Huntington Herald Dispatch - Huntington,WV,USA.
Wednesday, March 01, 2006.
HUNTINGTON -- Betty Bruce has been legally blind for more than 20 years, but she doesn't let that stop her from cooking up some delicious meals in the kitchen.
Bruce, who is a member of the Cabell-Wayne Association of the Blind, is one of approximately 10 million people in the United States who suffer some form of vision loss, according to the American Foundation for the Blind.
She also is one of the many who find it difficult to operate some modern-day kitchen appliances and recently participated in a testing exercise conducted by the AFB's technology center in Huntington.
In the trial, several blind people tested newer appliances on ease of use. Bruce said she has a difficult time trying to work most of the machines.
"People that are visually impaired, they can't see any of the directions on the machine," Bruce said. "When there are digital touch pads, all we can feel it is smooth surface."
The trials were headed by Brad Hodges, national technology associate for the foundation. Hodges, who is blind himself, said the mission of AFB is to effect change in industry.
"We found that we have a two-fold task," Hodges said. "We need to find the physical boundaries for the blind, and then get manufacturers to remain inside those boundaries."
Hodges said during the trial, he discovered most appliance controls fall into three categories: Accessible (older appliances), inaccessible (newer appliances) and ambiguous (appliances that might have some accessibility).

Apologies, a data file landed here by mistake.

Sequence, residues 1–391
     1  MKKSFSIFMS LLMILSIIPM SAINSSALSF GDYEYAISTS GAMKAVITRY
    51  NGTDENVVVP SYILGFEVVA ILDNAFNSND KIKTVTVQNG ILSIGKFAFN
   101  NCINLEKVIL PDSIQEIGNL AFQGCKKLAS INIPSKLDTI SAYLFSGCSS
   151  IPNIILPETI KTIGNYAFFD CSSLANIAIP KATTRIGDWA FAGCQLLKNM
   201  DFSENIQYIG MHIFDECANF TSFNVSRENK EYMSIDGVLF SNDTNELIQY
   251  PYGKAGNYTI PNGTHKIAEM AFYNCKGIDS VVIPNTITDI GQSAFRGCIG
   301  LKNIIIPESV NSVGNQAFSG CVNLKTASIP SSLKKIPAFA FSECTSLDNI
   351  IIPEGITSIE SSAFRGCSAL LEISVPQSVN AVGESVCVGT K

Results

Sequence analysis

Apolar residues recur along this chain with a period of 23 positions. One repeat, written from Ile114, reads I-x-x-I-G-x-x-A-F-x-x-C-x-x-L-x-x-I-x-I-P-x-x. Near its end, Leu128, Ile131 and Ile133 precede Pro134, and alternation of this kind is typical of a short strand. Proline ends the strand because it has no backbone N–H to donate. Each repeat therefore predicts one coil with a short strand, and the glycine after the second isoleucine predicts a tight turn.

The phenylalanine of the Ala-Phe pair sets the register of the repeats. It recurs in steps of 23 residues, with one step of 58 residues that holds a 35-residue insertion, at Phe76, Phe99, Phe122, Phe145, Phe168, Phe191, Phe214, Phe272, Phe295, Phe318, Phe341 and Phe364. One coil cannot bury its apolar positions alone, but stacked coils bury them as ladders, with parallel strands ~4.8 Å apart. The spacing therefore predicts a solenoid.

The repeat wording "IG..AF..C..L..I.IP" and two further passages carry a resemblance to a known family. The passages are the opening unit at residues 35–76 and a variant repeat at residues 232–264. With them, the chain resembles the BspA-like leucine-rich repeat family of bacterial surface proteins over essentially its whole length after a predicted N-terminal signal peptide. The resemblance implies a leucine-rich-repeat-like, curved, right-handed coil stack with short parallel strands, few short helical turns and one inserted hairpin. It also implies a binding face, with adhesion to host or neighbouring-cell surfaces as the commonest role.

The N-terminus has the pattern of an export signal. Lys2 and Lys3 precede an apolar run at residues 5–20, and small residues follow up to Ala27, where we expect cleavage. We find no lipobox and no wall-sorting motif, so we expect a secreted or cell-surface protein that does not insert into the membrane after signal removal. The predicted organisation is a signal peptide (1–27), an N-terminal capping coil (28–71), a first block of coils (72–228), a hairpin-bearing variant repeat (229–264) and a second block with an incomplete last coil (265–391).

"In the past, the blind could tell by touch to determine what control to set and how to set it," Hodges said. "Now, many of the controls are digital. The digital surfaces are smooth or flat, and sometimes you can't feel the control anymore."
Despite the difficulties on some appliances for the blind, Hodges said the Whirlpool company has made significant changes in their appliances to assist the blind.
Audrey Reed-Granger, director of PR for Whirlpool Brand, said Whirlpool strives to keep its machines simple to use.
"With the blind, we knew 15 years ago that the blind wanted to use our products," Reed-Granger said. "We have an optional Braille overlay with each of our appliances."
Reed-Granger said the push is toward digital, but the key is to not forget about those who may have lost their sight.
"We use large knobs, which provide clear clicking sounds, on most of our products," Reed-Granger said. "We also offer larger type on the interface of some products."
Reed-Granger said she has been very impressed with the research and expectations of the blind community.
Bruce tries to accommodate her home to make life easier for her when it comes to dealing with daily activities.
On her washer, Bruce has built-in ridges that allow her to feel with her hands and know what temperature the washer is on.
"I use a special pen to mark bumps on the washer and dryers and other appliances," Bruce said. "With them, I can do everything myself."
Bruce said when she first became legally blind in 1977, she worked to adjust and continue her daily routine.
"I started by putting a Braille setting on my mixer," Bruce said. "It is very important to have independence because if you give up, you will just sit there."
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